This 246-room landmark hotel has many notable features, but for me, the stand-out was the rooftop El Surtidor Pool Terrace and Bar. Guests are afforded privileged access, so I started my days with a refreshing swim in the infinite pool each morning, accompanied by remarkable views, and the hum of the city below as it awoke.

The vistas are remarkable, with skyline views including the iconic El Capitolio Nacional.

In the evening, the pool dining terrace and bar is a memorable place to enjoy a cocktail as the sun sets over Havana’s skyline before dinner in San Cristobal Panoramic Restaurant.

Spa & Wellness

Also, on the 6th floor level is the Gran Hotel Manzana Kempinski’s Spa Albear by Resense – a 1000 square metre, elegantly designed sanctuary with a beautiful relaxation area, treatment rooms, pool, sauna, steam bath etc. and also a Technogym-equipped exercise room.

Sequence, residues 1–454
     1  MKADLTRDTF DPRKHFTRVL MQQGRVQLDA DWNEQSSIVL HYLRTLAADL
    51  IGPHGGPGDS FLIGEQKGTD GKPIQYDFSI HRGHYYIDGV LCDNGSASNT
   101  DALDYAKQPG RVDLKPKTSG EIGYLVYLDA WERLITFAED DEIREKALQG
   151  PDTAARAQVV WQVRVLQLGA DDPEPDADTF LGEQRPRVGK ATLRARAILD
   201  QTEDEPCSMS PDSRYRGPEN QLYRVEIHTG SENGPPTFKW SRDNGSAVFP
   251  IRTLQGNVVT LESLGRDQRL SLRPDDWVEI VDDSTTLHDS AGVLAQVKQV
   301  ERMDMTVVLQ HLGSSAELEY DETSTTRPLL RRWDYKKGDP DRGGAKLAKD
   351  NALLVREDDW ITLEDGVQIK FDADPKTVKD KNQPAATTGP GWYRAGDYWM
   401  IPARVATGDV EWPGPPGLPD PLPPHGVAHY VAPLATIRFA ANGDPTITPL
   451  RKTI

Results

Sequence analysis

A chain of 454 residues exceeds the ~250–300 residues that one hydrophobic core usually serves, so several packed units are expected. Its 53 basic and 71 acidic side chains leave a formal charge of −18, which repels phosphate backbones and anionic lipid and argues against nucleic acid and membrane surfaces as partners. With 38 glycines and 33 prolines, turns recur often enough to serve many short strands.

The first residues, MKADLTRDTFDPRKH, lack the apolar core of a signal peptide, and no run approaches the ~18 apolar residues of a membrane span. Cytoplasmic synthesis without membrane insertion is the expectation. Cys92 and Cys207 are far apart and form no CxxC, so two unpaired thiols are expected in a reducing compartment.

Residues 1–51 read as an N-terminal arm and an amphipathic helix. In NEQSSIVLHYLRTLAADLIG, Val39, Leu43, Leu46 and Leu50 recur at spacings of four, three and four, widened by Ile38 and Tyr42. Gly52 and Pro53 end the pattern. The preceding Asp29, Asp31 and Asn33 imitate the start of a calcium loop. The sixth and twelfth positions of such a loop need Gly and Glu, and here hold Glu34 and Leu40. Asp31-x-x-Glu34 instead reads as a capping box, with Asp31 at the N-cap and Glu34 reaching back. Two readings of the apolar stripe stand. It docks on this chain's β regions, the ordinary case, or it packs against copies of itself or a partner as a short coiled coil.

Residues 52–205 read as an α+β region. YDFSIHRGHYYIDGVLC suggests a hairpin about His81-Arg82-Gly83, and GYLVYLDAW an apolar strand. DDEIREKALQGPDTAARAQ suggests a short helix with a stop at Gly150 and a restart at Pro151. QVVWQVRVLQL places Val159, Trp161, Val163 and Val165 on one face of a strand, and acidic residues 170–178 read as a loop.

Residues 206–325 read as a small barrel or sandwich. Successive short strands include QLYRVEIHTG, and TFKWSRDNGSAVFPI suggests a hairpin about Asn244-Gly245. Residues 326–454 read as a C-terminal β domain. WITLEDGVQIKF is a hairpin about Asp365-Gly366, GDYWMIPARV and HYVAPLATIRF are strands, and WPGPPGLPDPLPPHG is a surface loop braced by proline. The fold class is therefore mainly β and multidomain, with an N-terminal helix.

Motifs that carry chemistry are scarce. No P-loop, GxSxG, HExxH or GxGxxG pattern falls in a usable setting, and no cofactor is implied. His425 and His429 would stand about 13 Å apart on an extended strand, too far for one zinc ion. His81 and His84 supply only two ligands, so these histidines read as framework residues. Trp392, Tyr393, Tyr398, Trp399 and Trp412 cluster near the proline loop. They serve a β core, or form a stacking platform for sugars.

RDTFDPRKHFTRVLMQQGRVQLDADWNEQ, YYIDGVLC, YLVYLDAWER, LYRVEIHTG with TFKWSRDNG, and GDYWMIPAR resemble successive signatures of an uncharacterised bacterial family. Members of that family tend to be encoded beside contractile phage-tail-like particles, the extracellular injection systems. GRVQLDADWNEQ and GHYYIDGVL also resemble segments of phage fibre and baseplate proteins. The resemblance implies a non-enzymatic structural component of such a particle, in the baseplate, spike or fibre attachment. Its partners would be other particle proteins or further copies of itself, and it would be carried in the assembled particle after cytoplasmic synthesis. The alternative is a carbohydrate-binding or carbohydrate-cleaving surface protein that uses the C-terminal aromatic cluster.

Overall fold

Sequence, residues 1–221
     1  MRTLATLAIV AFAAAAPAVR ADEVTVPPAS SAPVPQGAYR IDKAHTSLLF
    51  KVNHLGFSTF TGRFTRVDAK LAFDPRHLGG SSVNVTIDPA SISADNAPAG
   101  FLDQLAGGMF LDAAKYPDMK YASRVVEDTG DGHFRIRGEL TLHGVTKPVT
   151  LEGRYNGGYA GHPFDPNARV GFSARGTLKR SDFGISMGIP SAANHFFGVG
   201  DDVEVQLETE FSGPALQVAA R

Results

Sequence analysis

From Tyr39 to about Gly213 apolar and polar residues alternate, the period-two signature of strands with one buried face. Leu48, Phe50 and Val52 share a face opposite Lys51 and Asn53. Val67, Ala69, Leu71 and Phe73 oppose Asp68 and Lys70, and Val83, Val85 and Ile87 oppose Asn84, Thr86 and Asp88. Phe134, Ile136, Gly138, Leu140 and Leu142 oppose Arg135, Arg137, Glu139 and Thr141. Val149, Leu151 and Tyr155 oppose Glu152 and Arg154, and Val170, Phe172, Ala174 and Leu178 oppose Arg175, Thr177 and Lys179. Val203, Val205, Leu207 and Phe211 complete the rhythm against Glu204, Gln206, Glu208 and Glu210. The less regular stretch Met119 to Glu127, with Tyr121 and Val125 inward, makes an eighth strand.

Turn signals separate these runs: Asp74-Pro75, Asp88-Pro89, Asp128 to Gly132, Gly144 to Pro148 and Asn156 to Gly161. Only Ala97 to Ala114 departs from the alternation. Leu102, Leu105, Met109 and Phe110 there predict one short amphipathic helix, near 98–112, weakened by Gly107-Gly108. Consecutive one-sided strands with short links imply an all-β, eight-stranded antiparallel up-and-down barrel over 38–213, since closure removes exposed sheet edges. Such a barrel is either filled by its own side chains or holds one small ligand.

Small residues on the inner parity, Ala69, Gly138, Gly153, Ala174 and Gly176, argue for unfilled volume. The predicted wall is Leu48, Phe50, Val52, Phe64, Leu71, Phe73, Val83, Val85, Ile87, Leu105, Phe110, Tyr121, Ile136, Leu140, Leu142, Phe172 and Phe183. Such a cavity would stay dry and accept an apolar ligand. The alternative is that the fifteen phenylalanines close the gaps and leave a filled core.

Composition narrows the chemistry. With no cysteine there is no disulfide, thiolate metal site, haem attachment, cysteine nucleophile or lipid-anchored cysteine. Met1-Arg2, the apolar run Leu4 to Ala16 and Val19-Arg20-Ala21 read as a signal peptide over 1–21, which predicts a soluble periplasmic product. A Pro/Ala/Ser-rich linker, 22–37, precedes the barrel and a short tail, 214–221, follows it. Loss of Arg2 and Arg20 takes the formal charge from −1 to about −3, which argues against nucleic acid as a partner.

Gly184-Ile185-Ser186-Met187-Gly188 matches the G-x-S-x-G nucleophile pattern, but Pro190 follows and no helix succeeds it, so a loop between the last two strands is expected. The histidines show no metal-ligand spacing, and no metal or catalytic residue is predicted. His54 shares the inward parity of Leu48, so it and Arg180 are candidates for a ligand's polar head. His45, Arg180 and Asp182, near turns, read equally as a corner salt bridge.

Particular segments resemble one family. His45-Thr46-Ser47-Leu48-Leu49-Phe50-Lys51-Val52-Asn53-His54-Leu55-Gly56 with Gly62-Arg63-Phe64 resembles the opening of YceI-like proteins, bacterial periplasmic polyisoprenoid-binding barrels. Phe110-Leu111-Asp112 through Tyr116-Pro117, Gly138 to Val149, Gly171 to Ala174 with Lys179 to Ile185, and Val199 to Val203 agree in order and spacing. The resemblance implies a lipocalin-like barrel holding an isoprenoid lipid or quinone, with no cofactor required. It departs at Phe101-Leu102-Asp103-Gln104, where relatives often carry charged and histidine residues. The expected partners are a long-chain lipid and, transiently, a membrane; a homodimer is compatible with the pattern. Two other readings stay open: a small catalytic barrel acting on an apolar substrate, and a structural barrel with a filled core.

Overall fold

Bars & Dining

Breakfast is offered in the hotel’s main restaurant Confluencias. Décor makes the most of the Caribbean light, using mirrors and glass to reflect and refract the light. The space is intended to pay homage to the city’s classic Cuban Paladars. Considering the constraints of food availability in Cuba, the breakfast buffet was good. Quality and variety may not be quite to the standard of other Kempinski properties across the world, but it was still a generous spread, and surely something that a regular Cuban could only dream off.  As a guest in Havana one of the things one has to adjust to is the contrast between daily life of Cubans and the experience of guests in luxury hotels.